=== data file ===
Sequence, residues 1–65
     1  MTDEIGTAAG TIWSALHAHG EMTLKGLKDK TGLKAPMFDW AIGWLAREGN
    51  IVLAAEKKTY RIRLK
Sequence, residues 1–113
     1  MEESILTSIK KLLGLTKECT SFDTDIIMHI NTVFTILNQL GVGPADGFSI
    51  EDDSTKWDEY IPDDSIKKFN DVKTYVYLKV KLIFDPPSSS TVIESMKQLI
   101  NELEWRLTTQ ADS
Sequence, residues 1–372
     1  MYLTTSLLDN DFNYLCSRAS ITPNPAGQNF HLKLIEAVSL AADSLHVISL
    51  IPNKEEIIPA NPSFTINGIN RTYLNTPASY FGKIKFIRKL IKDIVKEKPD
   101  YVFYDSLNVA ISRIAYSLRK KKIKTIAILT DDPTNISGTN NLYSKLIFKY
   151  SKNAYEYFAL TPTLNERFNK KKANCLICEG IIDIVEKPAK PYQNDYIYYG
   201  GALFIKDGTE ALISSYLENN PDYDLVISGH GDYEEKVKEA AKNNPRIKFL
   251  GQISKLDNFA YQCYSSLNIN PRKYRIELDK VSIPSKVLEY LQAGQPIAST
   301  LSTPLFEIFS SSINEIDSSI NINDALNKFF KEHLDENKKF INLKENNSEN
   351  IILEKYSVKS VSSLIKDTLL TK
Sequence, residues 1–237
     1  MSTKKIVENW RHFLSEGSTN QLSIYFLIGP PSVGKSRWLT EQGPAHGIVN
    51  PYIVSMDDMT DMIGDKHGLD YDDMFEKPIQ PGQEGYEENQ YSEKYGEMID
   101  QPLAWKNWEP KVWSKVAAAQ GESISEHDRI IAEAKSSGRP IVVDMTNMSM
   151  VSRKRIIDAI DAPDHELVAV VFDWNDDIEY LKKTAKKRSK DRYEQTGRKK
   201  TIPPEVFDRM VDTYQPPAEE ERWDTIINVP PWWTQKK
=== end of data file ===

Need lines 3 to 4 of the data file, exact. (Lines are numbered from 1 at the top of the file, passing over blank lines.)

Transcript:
    51  IVLAAEKKTY RIRLK
Sequence, residues 1–113